220923 CPR Training to Immigrants with Limited English Proficiency: Where is the class?

Monday, November 8, 2010 : 8:30 AM - 8:45 AM

Mei-Po Yip, PhD , Department of Medicine, University of Washington, Seattle, WA
Hendrika Meischke, PhD, MPH , Department of Health Services, University of Washington, Seattle, WA
Emily Purchia, BA, MPH Candidate , University of Washington, Northwest Center for Public Health Practice, Seatttle, WA
Devora Chavez, MIT, MPH , University of Washington, Northwest Center for Public Health Practice, Seattle, WA
Ida Lam , Chinese Information and Service Center, Seattle, WA
Gloria Coronado, PhD , Public Health Sciences, Fred Hutchinson Cancer Research Center, Seattle, WA
Shin-Ping Tu, MD MPH , Department of Medicine, University of Washington, Seattle, WA
Background: Limited access to CPR skills hinders LEP communities' capacity to respond to life-threatening emergencies. Methods: We conducted 4 focus groups with adult Chinese immigrants with limited English proficiency to understand 1) their understanding of CPR skills, 2) awareness of formal CPR training and instructions offered in the community, and 3) motivation to participate in learning CPR. Men and women of 18 years old and older who self-reported LEP were invited to participate in a focus group of 8 to 10 individuals. A bilingual facilitator conducted all the focus groups. Each focus group discussion was audio-recorded, transcribed verbatim and analyzed using a content analysis approach. Results: Many had not heard of CPR and some confused it with the term "first aid." Participants have very limited knowledge about the procedure involved. None had heard of the new guidelines. Nearly all participants did not know where to get trained. When asked, the majority of participants would be willing to perform CPR to a family member if they had received the training. Some female participants expressed concerns about performing CPR on a male or stranger and that calling 9-1-1 would be the most appropriate response instead of performing CPR. Conclusion: LEP individuals are willing to learn CPR and recognize it is a life-saving measure. However, chances to develop CPR skills are limited because of lack of educational opportunities. More effective dissemination strategies of CPR training in LEP communities are needed.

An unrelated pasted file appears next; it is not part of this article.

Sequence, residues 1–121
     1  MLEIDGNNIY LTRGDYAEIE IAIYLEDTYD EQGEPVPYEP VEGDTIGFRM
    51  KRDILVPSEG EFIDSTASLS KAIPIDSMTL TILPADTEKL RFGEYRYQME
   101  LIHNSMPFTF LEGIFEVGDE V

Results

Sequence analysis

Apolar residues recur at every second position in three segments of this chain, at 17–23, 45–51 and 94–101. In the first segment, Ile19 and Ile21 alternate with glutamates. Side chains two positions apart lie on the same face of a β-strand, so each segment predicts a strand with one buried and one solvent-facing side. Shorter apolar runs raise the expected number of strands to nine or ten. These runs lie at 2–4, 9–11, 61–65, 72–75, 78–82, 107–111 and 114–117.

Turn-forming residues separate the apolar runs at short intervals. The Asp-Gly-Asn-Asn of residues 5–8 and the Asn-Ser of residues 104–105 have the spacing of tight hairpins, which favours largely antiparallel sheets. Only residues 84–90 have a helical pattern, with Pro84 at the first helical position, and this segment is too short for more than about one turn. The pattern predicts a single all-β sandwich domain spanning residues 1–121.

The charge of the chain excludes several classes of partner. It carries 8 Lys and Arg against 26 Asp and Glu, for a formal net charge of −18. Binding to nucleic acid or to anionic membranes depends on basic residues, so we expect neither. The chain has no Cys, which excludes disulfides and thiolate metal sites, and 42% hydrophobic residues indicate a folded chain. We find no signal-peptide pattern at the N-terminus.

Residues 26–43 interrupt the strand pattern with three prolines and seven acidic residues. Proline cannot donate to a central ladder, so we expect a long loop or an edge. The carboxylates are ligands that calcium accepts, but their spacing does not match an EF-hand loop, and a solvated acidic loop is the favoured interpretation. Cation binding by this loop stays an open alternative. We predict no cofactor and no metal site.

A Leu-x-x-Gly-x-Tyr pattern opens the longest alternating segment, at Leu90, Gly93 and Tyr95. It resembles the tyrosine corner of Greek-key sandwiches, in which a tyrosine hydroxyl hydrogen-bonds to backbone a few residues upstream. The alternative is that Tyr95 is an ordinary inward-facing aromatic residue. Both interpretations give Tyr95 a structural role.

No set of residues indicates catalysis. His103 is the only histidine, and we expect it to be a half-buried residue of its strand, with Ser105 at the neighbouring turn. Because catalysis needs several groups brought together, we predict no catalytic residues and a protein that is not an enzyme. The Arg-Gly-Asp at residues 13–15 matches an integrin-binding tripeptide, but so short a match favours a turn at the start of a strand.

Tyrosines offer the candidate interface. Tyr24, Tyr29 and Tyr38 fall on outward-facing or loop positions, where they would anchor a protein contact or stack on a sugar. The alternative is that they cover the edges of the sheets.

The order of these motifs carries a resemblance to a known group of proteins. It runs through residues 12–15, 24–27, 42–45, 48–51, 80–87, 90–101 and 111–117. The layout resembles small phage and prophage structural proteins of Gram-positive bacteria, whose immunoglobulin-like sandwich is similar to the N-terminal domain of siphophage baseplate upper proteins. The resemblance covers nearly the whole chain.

Learning Areas:
Other professions or practice related to public health

Learning Objectives:
To describe LEP's understanding of CPR To describe accessibility ofCPR training in LEP communities

Keywords: Access, Immigrants

Presenting author's disclosure statement:

Qualified on the content I am responsible for because: I am the co-investigator of this project.
Any relevant financial relationships? No

I agree to comply with the American Public Health Association Conflict of Interest and Commercial Support Guidelines, and to disclose to the participants any off-label or experimental uses of a commercial product or service discussed in my presentation.